Ideas Towards Gamers

It is surprising how many people are interested in table top gaming once they have been exposed to it. Due to previous ideas related with gaming, many people believe that gaming is not for them for many reasons. This can be anywhere from “Dungeons and Dragons is for nerds” or that it has to steep of a learning curve for someone to join. Statements like this are both true and false.

The idea that dungeons and dragons is for nerds or geeks is a common idea, in middle and high schools and is mostly a said as a bullying tactic. However, some very famous people play table top games such as Wil Wheaton and Vin Diesel. So in retrospect it comes down to your definition of a nerd/geek.

Some tabletop games do have a rather steep learning curve, but this depends on the system/ game type. However, it is rather difficult to find a gaming group that is not more than ready help new people learn a system and bring them into a game. There are also one-shot campaigns that are held at conventions or large gatherings. A one shot is when an experienced story teller will have pre made characters for new people to use (this negates the 2-3 hour process of creating a character for a new party) and allows them to experience a very condensed version of a table top system.

Advertisements

History of Gaming

With each genre of gaming there is a line that one can follow through history, to times before they became what they are today or even existed. However let’s stick to table-top role playing games. The idea of a TT-RPG is to create a mythological or futuristic creature and assume the characteristics of that character, as the Game Master/ Dungeon Master/ Storyteller paints a picture for the players. That picture is the world the characters must explore and interact with to continue the assumed creatures main goal.

Knowing this it might become apparent that these kind of activities happened long before modern times. A more well known system for what was just explained are plays or nowadays TV shows. The director creates the world and the actors explore and interact with the world while the audience is a passenger on the journey. There are also other similar games played out among certain groups such as mock training for jobs or military organizations. These all came long before 1974 with the initial release of modern day TT-RPGs Dungeons and Dragons.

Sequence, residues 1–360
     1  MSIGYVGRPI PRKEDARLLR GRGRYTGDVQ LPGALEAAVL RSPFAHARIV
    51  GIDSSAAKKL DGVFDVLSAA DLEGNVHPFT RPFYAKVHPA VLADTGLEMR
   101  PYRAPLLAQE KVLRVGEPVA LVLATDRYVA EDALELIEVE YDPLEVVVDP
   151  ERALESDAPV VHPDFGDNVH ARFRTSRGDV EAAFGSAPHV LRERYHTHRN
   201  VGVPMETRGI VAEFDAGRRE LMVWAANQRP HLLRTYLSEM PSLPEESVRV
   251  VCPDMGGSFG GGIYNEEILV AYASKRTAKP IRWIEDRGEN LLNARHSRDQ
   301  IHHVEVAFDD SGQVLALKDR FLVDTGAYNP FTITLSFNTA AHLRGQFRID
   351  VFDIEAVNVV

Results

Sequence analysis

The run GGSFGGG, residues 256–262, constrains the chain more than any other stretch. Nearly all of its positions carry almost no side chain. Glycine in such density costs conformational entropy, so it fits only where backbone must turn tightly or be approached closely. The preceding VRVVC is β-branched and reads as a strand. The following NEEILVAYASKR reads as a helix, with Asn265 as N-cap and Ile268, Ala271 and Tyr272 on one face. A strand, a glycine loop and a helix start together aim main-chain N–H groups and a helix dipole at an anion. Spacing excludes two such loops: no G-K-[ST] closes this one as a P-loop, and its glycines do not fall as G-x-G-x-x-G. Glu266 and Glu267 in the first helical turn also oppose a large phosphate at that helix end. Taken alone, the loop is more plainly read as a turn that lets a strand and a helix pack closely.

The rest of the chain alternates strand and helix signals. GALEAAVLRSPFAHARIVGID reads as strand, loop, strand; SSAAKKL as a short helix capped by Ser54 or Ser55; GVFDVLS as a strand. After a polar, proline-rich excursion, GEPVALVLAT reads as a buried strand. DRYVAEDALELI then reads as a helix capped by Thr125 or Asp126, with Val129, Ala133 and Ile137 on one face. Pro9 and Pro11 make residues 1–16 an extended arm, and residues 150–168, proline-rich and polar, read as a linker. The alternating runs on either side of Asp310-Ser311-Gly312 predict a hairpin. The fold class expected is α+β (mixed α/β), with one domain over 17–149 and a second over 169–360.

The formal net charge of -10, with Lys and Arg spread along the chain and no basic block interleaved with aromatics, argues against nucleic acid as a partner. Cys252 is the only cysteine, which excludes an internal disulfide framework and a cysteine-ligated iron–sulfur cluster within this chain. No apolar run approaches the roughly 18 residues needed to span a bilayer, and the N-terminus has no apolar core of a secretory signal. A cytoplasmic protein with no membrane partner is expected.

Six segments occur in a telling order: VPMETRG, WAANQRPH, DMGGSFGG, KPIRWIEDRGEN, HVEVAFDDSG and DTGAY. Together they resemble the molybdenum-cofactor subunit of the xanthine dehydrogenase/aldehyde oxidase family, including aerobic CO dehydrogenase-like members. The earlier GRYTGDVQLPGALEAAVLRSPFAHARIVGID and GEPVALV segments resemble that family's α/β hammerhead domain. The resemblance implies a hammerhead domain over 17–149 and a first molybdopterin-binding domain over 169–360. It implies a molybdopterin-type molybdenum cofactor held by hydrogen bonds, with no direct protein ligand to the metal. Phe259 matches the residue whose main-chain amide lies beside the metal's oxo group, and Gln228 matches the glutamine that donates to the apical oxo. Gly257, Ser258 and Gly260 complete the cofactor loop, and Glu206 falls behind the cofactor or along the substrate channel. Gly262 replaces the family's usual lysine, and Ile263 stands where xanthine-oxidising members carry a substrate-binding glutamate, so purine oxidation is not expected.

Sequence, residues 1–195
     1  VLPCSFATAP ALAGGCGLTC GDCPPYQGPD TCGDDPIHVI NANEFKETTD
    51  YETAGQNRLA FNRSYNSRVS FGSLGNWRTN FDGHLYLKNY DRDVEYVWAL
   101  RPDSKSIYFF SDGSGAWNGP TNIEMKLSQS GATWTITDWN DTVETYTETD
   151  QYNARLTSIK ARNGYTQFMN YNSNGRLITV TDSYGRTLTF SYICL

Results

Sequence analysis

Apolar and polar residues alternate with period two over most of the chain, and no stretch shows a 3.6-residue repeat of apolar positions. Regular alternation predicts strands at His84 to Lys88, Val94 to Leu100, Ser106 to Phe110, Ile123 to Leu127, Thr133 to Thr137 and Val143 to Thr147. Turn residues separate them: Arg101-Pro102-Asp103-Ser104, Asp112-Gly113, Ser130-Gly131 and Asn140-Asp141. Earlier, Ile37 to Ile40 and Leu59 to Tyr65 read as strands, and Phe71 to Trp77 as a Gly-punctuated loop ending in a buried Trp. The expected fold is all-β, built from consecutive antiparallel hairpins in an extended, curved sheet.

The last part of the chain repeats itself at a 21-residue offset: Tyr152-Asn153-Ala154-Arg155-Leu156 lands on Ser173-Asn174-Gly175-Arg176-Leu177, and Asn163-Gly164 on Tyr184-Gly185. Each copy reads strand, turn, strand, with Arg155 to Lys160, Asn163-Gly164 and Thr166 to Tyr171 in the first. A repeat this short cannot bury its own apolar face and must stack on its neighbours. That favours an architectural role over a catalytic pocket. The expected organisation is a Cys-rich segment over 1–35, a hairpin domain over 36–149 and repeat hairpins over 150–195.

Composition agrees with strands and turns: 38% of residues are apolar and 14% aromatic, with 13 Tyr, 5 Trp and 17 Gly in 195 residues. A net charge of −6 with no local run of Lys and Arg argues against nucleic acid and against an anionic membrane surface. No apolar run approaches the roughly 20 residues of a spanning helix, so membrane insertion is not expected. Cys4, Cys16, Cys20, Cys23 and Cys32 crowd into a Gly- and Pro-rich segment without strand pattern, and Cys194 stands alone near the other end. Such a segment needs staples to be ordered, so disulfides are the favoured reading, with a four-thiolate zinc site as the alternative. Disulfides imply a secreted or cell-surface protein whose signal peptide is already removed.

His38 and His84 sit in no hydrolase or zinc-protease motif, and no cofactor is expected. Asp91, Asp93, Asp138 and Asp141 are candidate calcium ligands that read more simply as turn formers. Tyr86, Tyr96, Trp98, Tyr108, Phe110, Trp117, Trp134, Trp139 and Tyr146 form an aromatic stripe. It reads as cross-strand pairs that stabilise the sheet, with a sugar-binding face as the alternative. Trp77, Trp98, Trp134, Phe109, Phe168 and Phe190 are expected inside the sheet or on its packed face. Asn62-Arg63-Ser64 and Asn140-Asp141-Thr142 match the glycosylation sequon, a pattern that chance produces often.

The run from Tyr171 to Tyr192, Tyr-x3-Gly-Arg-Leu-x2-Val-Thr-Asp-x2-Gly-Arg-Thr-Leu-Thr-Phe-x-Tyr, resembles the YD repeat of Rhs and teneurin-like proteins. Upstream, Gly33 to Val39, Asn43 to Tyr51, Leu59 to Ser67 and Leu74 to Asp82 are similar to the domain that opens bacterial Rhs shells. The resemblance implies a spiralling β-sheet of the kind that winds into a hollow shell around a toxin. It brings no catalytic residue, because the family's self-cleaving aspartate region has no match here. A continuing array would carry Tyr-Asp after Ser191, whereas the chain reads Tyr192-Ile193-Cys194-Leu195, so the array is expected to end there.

What is gaming?

This is not a philosophical question, but it is defiantly interesting to hear how many different answers there are to this question. One of the first thing someone will think about when this question is asked is, what experiences with games they have had. From board games, to card games, word association, video games, sports or other forms of competition, to table-top role playing games, and many more. Gaming has always been a part of our society, however certain archetypes of gaming have drawn negative connotations in recent history.

Video games are at the for front of headlines in the most negative of ways. Video games have been called an addiction and have been blamed for violent actions of the mentally unwell. However, they are not the first form of gaming to be viewed in this light. Table top role playing games (RPGs) have been and still are seen by some as gateways to satanism and devil worship, due to the culture of the time when heavy metal and drug use were linked to satanism and table top worship was a pass time of those who par took in that music kind of music and substance abuse. This was in part due to fanatical church goers who chose not to try and understand their children but rather condemn them in public as devil worshipers.